It would be fine to describe Glenn Kaino as a conceptual, installation or multimedia artist; that would get close to an aesthetic appreciation of his practice. But it leaves out dynamics of material experimentation and place-making — not to mention books, web platforms, gallery curation and nonprofit activism — that are every bit as salient to his vision. A native of East L.A. and a graduate of UC San Diego and UC Irvine, Kaino approaches each of his projects, whether from an institutional scale to more intimate, performative encounters, with the same problem-solving perspective on personal experience that drives his presence as a citizen of the city and the world.
Along the way, he’s collaborated with figures from Mark Bradford to athlete Tommie Smith (of 1968 Mexico City Olympics fame), actor/producer Jesse Williams (their collaboration VISIBILITY’s apps are BLeBRiTY and EBROJI), and musician John Legend (who with Williams co-produced the film With Drawn Arms based on the work inspired by Smith’s raised-fist, gold medal podium protest). A related exhibition is on view until spring 2020 at the San Jose Museum of Art.
Across literature, history, magic, philosophy, technology and the environment, Kaino’s projects are as eclectic as the downtown gallery Deep River (which he founded in 1997 and where he was the first to show Mark Bradford) and the co-founding of modern kunsthalles LAXART in 2005 and The Mistake Room in 2014. He is on the boards of the Hammer Museum and the Music Center and works with nonprofit culinary/visual arts hybrid Active Cultures. He had his fingers in Napster, launched a progressive social media and news platform called Uber in 2007, exhibited at the Whitney Biennial in 2004, and built the illusion of a mirrored slide to the Earth’s core for Desert X in 2017.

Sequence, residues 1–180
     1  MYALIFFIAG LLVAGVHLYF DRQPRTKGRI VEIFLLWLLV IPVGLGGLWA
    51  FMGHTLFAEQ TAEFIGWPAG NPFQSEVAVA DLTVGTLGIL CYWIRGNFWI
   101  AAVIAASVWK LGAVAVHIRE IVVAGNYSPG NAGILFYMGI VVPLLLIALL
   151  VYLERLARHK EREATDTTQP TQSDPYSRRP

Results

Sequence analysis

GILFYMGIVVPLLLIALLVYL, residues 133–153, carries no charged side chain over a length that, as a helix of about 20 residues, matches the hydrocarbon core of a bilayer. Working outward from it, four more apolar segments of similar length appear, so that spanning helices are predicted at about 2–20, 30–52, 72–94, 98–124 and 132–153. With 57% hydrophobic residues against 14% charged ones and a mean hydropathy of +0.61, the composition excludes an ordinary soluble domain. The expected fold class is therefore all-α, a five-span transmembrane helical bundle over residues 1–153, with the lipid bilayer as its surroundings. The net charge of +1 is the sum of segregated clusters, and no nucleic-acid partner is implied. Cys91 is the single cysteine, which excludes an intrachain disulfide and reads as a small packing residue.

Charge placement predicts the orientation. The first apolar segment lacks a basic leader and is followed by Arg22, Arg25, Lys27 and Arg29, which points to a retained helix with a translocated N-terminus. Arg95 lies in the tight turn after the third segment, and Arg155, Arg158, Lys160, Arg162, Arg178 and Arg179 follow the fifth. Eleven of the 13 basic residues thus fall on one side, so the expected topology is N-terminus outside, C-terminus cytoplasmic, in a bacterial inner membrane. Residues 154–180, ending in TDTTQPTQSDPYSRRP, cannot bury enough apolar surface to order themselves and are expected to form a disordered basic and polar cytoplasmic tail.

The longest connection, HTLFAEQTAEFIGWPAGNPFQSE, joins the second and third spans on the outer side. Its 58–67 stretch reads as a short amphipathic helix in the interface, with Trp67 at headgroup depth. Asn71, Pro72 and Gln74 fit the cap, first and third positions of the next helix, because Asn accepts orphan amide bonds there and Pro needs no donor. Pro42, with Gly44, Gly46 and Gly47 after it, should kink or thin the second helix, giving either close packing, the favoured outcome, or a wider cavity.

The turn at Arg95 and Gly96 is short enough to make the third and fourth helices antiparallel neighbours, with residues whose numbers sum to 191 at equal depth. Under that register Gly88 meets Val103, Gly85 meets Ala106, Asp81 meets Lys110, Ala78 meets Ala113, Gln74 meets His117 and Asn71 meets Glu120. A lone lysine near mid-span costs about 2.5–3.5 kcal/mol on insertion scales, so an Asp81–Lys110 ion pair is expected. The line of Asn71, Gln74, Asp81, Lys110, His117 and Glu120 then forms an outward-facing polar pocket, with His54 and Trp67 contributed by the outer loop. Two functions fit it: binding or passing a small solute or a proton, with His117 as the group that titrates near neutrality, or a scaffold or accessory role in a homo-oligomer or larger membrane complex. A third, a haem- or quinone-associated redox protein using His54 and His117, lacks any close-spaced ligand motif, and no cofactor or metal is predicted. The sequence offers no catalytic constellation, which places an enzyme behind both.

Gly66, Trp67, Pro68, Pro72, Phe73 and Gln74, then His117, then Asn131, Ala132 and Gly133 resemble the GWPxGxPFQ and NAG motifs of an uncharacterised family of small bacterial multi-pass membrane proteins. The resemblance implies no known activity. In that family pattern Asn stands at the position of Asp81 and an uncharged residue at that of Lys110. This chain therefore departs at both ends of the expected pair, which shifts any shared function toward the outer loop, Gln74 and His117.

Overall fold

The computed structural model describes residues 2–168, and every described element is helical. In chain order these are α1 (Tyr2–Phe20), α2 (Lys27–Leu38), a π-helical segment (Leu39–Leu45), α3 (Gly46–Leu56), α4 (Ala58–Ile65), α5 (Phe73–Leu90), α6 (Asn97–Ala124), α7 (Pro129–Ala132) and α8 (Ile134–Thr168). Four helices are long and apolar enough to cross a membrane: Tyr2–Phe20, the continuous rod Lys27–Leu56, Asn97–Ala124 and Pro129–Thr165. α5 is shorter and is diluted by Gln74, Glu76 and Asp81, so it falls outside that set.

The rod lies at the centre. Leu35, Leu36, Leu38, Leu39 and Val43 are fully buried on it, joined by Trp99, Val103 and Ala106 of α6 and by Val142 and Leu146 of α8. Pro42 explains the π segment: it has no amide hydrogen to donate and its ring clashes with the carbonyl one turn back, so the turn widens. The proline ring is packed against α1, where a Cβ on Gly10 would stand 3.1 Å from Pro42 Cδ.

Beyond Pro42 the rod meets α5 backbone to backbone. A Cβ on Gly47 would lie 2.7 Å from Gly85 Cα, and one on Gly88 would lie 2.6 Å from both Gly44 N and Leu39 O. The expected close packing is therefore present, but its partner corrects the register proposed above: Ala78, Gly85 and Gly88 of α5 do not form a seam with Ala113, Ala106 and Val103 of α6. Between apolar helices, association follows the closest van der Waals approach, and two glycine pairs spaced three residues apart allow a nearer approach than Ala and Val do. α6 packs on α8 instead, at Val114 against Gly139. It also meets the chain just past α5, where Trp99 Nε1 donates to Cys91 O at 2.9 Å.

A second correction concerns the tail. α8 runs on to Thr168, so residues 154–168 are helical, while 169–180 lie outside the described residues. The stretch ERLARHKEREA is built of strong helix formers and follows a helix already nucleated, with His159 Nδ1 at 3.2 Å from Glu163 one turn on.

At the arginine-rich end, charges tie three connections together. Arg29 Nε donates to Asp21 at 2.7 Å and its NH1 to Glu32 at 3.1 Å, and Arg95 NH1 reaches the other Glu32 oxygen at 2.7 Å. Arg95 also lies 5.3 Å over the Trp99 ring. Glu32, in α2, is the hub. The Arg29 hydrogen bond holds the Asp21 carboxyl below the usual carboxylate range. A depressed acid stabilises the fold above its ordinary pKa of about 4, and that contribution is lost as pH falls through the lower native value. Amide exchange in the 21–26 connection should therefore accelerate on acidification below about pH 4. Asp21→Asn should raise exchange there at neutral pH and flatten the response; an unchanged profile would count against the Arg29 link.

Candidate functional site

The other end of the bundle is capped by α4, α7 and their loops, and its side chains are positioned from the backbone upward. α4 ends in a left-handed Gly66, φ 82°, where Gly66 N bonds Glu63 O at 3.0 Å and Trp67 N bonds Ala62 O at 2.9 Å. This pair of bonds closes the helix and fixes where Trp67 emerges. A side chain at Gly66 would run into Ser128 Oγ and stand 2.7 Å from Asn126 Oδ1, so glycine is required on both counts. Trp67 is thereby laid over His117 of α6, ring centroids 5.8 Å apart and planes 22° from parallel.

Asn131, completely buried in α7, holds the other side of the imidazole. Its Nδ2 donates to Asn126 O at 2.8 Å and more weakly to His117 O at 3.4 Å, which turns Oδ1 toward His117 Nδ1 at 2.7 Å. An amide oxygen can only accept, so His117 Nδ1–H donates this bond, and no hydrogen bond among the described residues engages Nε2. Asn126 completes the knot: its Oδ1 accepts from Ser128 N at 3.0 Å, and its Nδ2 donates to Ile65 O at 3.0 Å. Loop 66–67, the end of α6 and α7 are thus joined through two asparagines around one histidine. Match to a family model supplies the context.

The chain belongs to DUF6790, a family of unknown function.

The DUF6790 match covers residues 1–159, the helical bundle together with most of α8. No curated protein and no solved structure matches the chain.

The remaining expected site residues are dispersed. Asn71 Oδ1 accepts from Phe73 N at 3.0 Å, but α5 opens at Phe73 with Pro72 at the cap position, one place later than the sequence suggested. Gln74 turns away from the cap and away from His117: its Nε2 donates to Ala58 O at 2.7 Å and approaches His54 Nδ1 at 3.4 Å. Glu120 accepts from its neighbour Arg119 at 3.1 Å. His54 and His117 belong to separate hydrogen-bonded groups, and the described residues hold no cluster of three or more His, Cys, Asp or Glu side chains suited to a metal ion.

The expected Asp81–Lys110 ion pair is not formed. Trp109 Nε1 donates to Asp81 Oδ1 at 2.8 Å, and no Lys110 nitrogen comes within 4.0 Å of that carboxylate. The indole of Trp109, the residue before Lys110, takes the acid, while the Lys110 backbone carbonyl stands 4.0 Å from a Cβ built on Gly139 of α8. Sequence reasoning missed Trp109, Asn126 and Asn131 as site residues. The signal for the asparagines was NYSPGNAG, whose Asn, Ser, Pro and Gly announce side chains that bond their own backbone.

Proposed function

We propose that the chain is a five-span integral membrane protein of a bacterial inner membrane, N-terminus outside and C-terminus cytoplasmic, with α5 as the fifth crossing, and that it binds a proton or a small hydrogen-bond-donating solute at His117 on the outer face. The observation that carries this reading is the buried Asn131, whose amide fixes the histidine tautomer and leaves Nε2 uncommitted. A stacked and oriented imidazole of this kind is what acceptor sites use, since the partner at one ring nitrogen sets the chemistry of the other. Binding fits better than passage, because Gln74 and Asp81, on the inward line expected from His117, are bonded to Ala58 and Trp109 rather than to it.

Besides San Jose, a new exhibition from Kaino is currently on view at the Brooklyn Academy of Music. “When A Pot Finds Its Purpose” is a poignant and multivalent meditation on the physical musicality and nationalized symbolism of the bell in our politics and culture, intertwined with a cascade of fertile soil, itself both a literal and metaphorical representation of hope, stewardship and interconnectedness.
We see this same accretive symbolism and material symbiosis in a number of large-scale public art projects closer to home. He’s creating sculpture for the landings on either side of the L.A. River as part of the 12-acre Sixth Street Viaduct PARC project — set to open a couple of years after the city expects to complete the viaduct in 2022. His representation of the iconic “L.A. hands” will be both a cultural and architectural signifier.
His commission for the Airport Metro Connector at the LAX/Metro Transit Center is based on years of research into ideas about how humans might travel to space, from the Aztecs to H.G. Wells, NASA to Space X. Keeping on the theme of lofty ideas, this May Kaino inaugurates the new Compound Long Beach, a community art center supporting the arts and holistic wellness, with a 6-month immersive installation which he describes as “visualized hope.” Playing with technology to create a kind of cloud chamber, harnessing cosmic rays to let you see (and hear) the invisible energy of thousands of hopes and dreams is right up Kaino’s alley. After all, his favorite way to describe his eclectic practice is simply to say, “I hope for a living.”